Histological and IHC analysis showed that periurethral injection of hAFSCs into denervated urethral sphincter stimulated normal-appearing sphincter muscle regeneration over time. These results correlated well with the real-time PCR analysis for myogenic gene expressions over time. The functional analysis of the sphincters showed that LPP and CP of the hAFSC injected group were restored to nearly normal values, while the Cell (-) group values remained low throughout the study period. These results indicate that periurethral injection of hAFSCs into a denervated urethral sphincter can restore apparently normal urethral sphincter histology and function.
Restoration of sphincter function requires regeneration of a neuronal component (neuromuscular junction and nerve regeneration) as well as muscle regeneration. In this study, we found similar expression levels in the Cell (+) group and the normal control, whereas the Cell (-) group showed a higher expression level. This indicates that the transplanted hAFSCs can control damaged tissue regeneration by harmonizing the physical environment . Over-proliferation or unwanted differentiation can cause malignant formation. In addition, significantly enhanced neurogenic gene expression was seen in the Cell (+) group compared with the Cell (-) group. This result suggests that injected cells can have a physiologic effect on the neuromuscular junction re-formation and nerve regeneration.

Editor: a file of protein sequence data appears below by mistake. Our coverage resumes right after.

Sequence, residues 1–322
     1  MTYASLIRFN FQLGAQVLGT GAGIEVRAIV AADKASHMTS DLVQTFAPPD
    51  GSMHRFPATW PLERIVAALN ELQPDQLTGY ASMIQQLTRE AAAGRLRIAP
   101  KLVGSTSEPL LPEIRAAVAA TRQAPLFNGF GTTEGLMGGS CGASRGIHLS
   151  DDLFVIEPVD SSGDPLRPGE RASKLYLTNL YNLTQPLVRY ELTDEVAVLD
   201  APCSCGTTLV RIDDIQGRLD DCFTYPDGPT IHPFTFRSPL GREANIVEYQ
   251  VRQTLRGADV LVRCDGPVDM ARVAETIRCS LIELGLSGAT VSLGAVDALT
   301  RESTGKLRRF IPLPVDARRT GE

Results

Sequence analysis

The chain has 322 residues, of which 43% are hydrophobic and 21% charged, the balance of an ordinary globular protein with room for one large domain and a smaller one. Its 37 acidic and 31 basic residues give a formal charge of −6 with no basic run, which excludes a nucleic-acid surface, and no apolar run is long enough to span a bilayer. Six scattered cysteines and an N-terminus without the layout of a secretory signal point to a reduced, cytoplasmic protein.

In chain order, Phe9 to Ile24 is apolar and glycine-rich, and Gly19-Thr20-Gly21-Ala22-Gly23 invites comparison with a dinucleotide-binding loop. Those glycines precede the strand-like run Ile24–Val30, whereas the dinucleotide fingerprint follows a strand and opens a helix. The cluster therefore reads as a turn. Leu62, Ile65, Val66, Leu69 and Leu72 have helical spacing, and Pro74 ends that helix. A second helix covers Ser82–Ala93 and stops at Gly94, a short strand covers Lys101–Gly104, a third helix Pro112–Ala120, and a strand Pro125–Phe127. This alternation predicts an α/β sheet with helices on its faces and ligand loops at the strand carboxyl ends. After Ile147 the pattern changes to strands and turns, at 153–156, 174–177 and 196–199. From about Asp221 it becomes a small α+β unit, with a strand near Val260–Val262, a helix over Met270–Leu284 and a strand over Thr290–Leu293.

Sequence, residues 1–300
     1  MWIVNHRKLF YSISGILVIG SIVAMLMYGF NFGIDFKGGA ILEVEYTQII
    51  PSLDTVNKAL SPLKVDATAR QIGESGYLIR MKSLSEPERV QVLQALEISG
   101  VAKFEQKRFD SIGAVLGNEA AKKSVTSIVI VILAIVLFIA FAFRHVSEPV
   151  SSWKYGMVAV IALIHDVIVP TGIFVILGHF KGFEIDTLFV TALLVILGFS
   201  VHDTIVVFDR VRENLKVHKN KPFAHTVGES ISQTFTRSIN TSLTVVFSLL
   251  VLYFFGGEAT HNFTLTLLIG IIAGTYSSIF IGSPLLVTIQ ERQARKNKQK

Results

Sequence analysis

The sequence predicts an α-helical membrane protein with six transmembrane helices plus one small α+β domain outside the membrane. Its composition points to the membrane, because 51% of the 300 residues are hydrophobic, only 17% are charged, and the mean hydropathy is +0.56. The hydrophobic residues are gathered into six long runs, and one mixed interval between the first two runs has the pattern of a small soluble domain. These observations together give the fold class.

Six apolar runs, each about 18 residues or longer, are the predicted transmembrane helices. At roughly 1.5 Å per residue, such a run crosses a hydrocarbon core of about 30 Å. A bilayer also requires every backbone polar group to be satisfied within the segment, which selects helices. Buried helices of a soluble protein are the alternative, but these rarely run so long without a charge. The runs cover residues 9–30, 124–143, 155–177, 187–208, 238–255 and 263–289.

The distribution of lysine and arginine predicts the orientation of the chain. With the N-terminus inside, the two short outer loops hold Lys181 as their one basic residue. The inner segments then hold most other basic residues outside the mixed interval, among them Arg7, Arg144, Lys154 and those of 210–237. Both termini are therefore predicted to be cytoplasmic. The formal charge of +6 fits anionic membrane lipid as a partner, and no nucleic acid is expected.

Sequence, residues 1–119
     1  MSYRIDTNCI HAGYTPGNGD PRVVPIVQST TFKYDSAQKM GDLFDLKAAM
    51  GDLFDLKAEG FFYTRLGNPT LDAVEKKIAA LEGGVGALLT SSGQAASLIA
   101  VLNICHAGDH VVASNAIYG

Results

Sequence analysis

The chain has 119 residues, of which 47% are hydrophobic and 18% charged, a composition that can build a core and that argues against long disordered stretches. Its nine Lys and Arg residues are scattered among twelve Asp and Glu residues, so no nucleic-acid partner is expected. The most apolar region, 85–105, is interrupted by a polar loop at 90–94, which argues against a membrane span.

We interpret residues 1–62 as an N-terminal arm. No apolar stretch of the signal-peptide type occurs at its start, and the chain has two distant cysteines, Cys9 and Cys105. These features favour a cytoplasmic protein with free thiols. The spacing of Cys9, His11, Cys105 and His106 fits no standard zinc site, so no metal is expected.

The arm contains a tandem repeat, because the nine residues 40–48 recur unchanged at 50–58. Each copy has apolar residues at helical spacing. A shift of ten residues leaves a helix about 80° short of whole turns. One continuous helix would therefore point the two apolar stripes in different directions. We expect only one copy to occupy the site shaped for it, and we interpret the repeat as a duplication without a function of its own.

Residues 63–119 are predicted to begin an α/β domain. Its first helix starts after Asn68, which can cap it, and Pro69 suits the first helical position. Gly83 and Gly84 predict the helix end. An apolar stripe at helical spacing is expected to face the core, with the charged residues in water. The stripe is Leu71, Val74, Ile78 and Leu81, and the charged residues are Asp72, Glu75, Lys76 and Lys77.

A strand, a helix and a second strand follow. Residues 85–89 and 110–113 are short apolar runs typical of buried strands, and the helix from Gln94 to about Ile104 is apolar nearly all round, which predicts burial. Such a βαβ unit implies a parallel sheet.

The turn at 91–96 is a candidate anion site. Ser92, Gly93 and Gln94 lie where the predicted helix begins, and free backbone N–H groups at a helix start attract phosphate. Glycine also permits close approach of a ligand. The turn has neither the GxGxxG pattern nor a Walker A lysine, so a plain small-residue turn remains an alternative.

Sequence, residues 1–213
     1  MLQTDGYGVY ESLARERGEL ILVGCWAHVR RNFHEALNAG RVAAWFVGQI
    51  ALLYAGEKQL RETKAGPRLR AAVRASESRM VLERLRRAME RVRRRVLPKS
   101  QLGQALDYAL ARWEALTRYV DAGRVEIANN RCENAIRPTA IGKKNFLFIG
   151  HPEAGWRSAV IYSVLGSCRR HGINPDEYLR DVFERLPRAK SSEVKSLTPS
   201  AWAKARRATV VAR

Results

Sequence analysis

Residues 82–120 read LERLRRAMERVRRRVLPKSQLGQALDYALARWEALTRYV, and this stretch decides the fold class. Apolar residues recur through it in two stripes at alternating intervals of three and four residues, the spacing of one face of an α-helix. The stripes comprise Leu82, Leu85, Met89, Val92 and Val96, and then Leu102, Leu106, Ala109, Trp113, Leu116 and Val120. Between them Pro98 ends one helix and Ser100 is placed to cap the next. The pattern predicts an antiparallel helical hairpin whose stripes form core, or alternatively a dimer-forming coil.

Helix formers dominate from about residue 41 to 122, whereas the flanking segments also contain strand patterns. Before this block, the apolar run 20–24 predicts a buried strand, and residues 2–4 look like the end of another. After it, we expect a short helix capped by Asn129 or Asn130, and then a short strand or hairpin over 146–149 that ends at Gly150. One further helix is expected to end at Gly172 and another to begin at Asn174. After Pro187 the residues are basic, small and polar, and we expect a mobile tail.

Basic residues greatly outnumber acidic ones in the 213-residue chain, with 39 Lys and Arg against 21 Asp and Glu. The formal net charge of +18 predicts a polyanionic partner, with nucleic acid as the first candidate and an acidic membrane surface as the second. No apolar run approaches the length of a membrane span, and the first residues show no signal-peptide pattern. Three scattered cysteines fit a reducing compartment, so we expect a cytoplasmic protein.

Recently, several reports have suggested that stem cells may have a low immunogenicity and immunomodulatory function [22, 23]. In this study, we found that hAFSCs have a lower expression of HLA-DR compared with isotope control. Furthermore, injection of hAFSCs into ICR mice also did not stimulate CD8+ T cell infiltration into the injected area. These findings suggest that hAFSCs have an immune tolerance and/or immunosuppression effect, similar to that reported for other stem cells. When injected into the renal subcapsule, hAFSCs did not cause teratomas after eight weeks. This result supports the use of hAFSCs as a safe for cell therapeutic application in terms of tumorigenicity.
The limitations of this study include the lack of identification of a precise mechanism for a paracrine effect, nerve regeneration, and the inability to track the metabolism or fate of the injected cells in vivo.